LastPass Dodges Deepfake Scam: CEO Impersonation Attempt Thwarted

Cybercriminals using deepfakes to target businesses! LastPass narrowly avoids security breach after employee identifies fake CEO in WhatsApp call. Read how LastPass is urging awareness against evolving social engineering tactics.
LastPass Dodges Deepfake Scam: CEO Impersonation Attempt Thwarted

Password management giant LastPass narrowly avoided a potential security breach after a company employee was targeted by a deepfake scam. The incident, detailed in a blog post by LastPass, involved an audio deepfake impersonating CEO Karim Toubba attempting to contact the employee via WhatsApp.

Deepfake technology, which can manipulate audio and video to create realistic forgeries, is increasingly being used by cybercriminals in elaborate social engineering schemes. In this instance, the scammer used a voice-altering program to impersonate Toubba’s voice, likely aiming to create a sense of urgency or trust with the employee.

LastPass Dodges Deepfake Scam: CEO Impersonation Attempt Thwarted
Screenshot of actual WhatsApp scam and attempted contact using deepfake audio as part of LastPass CEO impersonation (Credit: LastPass)

However, not everyone is as fortunate as LastPass. In February 2024, an employee of a multinational company’s Hong Kong branch was tricked into paying out HK$200 million (approximately US$25.6 million) after scammers utilized an AI-generated CFO with deepfake technology.

In another incident reported in August 2022, scammers utilized an AI-generated deepfake hologram of Binance’s chief communications officer, Patrick Hillmann, to deceive users into participating in online meetings and to target Binance clients’ crypto projects.

As for LastPass, the company commended the employee’s vigilance in recognizing the red flags of the situation. The unusual use of WhatsApp, a platform not commonly used for official communication within the company, coupled with the impersonation attempt, encouraged the employee to report the incident to LastPass security. The company confirmed that the attack did not impact its overall security posture.

Toby Lewis, Global Head of Threat Analysis at Darktrace commented on the issue highlighting the risks of Generative-AI, The prevalence of AI today represents new and additional risks. but arguably, the more considerable risk is the use of generative AI to produce deepfake audio, imagery, and video, which can be released at scale to manipulate and influence the electorate’s thinking.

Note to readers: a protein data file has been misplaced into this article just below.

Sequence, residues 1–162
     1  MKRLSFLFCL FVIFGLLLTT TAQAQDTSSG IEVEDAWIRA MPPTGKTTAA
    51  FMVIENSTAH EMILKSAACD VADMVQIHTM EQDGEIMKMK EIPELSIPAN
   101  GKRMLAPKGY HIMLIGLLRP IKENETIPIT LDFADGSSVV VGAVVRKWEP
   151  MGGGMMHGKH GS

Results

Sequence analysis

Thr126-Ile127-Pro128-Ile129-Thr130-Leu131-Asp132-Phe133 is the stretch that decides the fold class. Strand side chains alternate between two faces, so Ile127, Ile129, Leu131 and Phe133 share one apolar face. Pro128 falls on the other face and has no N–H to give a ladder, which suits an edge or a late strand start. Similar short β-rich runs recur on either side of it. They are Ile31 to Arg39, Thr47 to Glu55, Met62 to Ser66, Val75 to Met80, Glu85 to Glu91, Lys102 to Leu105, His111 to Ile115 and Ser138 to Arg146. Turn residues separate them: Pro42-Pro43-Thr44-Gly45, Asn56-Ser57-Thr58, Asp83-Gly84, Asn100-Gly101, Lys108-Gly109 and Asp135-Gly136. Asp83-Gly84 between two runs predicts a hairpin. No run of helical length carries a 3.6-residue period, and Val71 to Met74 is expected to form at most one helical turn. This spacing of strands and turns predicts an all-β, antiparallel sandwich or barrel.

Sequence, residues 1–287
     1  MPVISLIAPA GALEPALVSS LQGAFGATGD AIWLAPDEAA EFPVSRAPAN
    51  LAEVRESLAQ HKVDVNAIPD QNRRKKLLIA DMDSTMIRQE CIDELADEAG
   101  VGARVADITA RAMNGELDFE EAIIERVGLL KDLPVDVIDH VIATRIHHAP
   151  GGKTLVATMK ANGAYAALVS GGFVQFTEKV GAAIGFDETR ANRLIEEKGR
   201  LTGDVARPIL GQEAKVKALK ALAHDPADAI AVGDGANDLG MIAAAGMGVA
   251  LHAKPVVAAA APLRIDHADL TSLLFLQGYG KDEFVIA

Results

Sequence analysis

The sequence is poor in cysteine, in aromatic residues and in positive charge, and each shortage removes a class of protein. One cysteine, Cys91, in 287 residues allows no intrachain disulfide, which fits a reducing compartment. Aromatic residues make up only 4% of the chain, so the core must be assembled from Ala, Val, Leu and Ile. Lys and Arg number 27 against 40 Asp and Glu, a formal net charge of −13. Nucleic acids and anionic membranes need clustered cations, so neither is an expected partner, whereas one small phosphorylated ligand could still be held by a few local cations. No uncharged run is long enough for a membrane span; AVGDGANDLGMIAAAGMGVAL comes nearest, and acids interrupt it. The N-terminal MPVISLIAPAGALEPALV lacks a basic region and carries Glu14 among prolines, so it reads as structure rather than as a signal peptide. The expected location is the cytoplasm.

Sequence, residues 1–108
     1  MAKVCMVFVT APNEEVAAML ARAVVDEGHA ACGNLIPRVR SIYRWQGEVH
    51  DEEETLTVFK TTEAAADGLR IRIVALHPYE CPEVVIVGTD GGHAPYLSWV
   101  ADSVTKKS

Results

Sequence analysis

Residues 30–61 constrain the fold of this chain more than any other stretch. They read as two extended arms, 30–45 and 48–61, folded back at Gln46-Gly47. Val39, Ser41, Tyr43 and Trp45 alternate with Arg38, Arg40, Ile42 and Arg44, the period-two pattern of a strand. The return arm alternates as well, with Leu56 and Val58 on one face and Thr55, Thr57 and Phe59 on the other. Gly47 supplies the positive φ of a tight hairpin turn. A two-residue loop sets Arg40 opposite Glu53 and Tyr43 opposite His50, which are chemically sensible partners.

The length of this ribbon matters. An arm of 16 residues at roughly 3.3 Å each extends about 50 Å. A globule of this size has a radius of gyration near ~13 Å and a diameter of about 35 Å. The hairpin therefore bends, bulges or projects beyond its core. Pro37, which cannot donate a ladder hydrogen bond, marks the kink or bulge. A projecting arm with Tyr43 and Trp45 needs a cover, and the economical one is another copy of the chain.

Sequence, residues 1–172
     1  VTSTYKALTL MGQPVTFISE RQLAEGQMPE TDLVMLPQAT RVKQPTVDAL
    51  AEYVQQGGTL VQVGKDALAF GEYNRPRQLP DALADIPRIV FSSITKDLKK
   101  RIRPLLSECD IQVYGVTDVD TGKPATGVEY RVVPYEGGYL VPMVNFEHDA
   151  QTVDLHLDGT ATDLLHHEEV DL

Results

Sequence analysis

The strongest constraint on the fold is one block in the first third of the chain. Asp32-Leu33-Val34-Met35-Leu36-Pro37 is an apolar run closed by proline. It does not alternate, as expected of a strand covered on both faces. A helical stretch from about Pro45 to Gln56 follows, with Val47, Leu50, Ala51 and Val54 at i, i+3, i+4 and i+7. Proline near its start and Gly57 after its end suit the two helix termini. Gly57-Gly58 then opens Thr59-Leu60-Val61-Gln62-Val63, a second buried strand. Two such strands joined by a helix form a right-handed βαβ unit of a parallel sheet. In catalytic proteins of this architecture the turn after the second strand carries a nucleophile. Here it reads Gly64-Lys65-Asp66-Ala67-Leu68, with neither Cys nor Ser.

While the use of AI for deepfake generation is now very real, the risk of image and media manipulation is not new, with “photoshop” existing as a verb since the 1990s,” Toby explained. The challenge now is that AI can be used to lower the skill barrier to entry and speed up production to a higher quality. Defence against AI deepfakes is largely about maintaining a cynical view of material you see, especially online, or spread via social media, he advised.

Nevertheless, this attempted scam goes on to show how sophisticated cybercriminals have become in their attacks. On the other hand, LastPass emphasized the importance of employee awareness training in mitigating such attacks. Social engineering tactics often rely on creating a sense of urgency or panic, pressuring victims into making rushed decisions.

The incident also highlights the potential dangers deepfakes pose in the corporate domain. As the technology continues to develop, creating ever-more convincing fakes, companies will need to invest in robust security protocols and employee training to stay ahead of these sophisticated scams.

While deepfake scams targeting businesses are still relatively uncommon, the LastPass incident stresses the growing threat. The company’s decision to publicize the attempt serves as a valuable cautionary tale for other organizations, urging them to heighten awareness and implement preventative measures.

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